Zins, of Poland, Ohio, shot consistently high scores throughout the event, winning the .22 Caliber Championship and placing in the top three for the Center Fire and .45 Caliber Championships. In the end, his aggregate score of 2650-134X placed him at the top of the leader board for the tenth time in his shooting career. Zins broke the record for the highest number of titles as National Champion with his seventh, eighth, ninth, and now 10th win.
“I’m really happy to compete as a civilian after retiring from the Marine Corps, as many others don’t have the same opportunity. It’s also great to set another ‘first’ as the first person to hold a number of titles in the double-digits. I’m always trying to better, and challenge, myself as a shooter. I’m proud to have achieved something like this both as a Marine and a civilian,” said Zins.
With an aggregate score of 2643-128X, Captain Philip Hemphill of the Mississippi State Police took the silver medal once again and held on to his title of Police Champion for the third year in a row. Third place and the title of Regular Service Champion went to Staff Sergeant Robert Park of the Army Marksmanship Unit, who had an aggregate score of 2634-116X.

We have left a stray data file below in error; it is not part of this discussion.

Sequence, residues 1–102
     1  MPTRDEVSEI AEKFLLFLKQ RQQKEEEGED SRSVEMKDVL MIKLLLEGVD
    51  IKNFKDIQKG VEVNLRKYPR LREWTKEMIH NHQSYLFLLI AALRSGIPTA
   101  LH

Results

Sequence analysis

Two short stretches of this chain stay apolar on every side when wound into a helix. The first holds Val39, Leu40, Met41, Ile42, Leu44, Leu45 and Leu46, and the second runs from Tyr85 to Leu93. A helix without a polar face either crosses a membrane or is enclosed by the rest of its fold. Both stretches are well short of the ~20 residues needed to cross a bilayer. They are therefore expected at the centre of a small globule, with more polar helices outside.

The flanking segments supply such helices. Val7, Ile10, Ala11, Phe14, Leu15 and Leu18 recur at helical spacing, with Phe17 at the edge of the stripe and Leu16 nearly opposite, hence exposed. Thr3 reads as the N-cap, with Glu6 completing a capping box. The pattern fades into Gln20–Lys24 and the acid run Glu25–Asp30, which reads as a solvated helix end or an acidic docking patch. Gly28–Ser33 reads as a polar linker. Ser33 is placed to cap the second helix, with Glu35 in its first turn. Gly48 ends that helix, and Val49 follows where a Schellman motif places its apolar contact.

For the third year in a row, Judy Tant of East Lansing, Michigan, clinched the titles of Woman and High Civilian Woman Champion by firing an aggregate score of 2565-69X. Bryan Layfield of Clarksburg, West Virginia, was named the Junior Champion and Collegiate Champion after firing a score of 2598-94X. Ron Steinbrecher of Wyndmoor, Pennsylvania, fired his way to a 2607-92X, holding on to his previous title as Senior Champion. Elwood Harrison, Jr. of Mechanicsville, Virginia, took the title of Grand Senior Champion with an aggregate score of 2513-72X.
Winners of the military categories are Army Reserve Champion Master Sergeant Rob Mango of Kailua, Hawaii, with a score of 2597-107X, National Guard Champion Staff Sergeant Nathan Wade of Taylors, South Carolina, with a score of 2568-81X, and High Regular Air Force winner Colonel Mark Hays of Niceville, Florida, with a score of 2522-81X.
The National Rifle Association and the Civilian Marksmanship Program conduct the National Matches at Camp Perry each summer, considered to be the “World Series” of the shooting sports. Participants range from novices to Olympic-level shooters, and include civilians, military personnel, and law enforcement officers. The NRA National Rifle and Pistol Championships are open to everyone; NRA membership is not required.